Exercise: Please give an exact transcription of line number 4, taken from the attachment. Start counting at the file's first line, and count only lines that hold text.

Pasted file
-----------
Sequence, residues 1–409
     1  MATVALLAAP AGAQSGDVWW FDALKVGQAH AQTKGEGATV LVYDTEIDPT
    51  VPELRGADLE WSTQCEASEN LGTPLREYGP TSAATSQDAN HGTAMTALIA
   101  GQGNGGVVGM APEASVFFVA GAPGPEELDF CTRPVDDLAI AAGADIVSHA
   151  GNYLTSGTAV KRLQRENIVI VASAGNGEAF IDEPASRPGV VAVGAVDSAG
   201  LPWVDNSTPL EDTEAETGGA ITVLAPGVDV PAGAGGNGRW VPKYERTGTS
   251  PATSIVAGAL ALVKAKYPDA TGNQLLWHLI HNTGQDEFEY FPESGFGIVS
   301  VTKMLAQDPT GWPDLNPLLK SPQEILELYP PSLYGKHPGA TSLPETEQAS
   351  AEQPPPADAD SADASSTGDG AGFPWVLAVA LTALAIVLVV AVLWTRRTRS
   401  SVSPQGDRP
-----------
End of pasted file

   101  GQGNGGVVGM APEASVFFVA GAPGPEELDF CTRPVDDLAI AAGADIVSHA